A friend of mine says the Sim Moon is a great match with his 1.6's.
Like Zenieth, to drive MG1.6 I used an Adcom amp, a 5503, 350 wpc at 4 ohms. It was better than a 100wpc Adcom.
I recently changed to CarverPro ZR1600 digital amp rated at 600 wpc into 4 ohms. The CarverPro amp costs only $840 or so via internet. I repeat what many others have said, this amp is super with Maggies. It does use a fan, so you might want to retrofit an available very quiet fan, or disconnect the fan entirely (which is OK for the home audio application).
While the NAD is a nice combo the amp falls a little short for 1.6's and would be better suited to MMG's. I know this as I owned 1.5's at one time and the wife has a C270 in her system - tried it and found in a medium sized room would probably be OK but you are better off with more power.
Maggies love current and you can never have enough power for them so I'd be looking at something that is putting out around 300 w/ch @ 4 ohms.
I had a pair of 1.6qr and generally speaking the more power the better. The only exception was the BAT VK60 (only 60 watts- $2000 used) which was the best of all of the amps that I tried. Also, I've had success with the Marsh A400 (200 watts) which was significantly better than a Bryston 4BST. Sim amps may be a good choice too, though I've never tried them with the Maggies. I have heard them drive inefficient speakers with power and finesse and they seem to have the right tonal balance for the Maggies.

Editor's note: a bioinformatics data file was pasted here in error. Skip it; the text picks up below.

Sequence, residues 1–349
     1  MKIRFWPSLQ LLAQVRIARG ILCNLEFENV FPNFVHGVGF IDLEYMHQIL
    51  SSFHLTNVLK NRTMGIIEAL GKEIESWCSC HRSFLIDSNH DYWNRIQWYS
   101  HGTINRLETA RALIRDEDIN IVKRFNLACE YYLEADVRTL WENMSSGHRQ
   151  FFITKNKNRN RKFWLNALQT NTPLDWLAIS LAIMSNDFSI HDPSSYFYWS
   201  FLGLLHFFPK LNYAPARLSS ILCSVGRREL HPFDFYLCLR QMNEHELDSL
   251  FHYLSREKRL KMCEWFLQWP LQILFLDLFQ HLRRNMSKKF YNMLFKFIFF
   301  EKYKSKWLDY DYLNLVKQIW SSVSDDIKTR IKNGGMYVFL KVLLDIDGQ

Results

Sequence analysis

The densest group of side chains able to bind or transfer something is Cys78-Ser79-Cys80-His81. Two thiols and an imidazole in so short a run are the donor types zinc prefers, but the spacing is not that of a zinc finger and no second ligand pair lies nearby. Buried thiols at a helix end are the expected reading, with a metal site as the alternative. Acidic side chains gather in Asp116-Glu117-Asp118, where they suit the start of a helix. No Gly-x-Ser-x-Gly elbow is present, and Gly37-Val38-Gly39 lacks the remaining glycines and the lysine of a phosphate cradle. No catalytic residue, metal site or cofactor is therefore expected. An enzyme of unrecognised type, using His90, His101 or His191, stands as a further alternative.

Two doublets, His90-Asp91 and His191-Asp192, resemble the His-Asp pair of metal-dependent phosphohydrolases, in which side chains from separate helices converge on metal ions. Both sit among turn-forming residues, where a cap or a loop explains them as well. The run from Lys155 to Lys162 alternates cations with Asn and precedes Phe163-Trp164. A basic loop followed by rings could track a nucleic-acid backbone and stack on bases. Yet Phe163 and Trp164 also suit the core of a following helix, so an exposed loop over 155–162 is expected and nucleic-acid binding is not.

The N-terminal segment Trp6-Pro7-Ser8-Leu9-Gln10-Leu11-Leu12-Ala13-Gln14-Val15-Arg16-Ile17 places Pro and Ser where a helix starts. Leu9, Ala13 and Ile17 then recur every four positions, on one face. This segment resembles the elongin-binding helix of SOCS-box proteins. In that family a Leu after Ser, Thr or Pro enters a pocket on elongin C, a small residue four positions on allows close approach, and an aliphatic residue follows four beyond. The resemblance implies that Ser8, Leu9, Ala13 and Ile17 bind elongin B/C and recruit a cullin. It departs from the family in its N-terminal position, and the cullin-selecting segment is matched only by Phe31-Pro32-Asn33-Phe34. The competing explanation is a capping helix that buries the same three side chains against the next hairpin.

I've had three NAD amps and two Rotels and while they are very good, I would not use them to drive the Maggies.
Nidan...I happen to have both the CarverPro ZR1600, and a QSC RMX 1450. The QSC is good for 450 watts at very low cost and I bought it for a subwoofer application. I did not expect very good results using it full range, but I hooked it up that way as an experiment, and was pleasantly surprised. It would be a very good choice for a low cost system, where the high power rating would make it possible to use excellent speakers like Maggies (which are not costly themselves but generally require costly power amps).
The QSC does use a noisy fan, and unlike the CarverPro high efficiency digital amp, you cannot safely disconnect it. It is variable speed, controlled by temperature but it never really gets quiet.It may be possible to use a lower noise fan, as is the case for the CarverPro. The best solution is to locate it in a remote location: mine is in the cellar underneath the speakers.
Both amps sport balanced inputs, if that turns you on. Both are very solidly constructed. Warranty is 3 years for the QSC and 5 years for the CarverPro.
Both amps should be given objective consideration. The QSC costs even less than the CarverPro, and I really can't hear much wrong with it. The CarverPro invites comparison with the very best.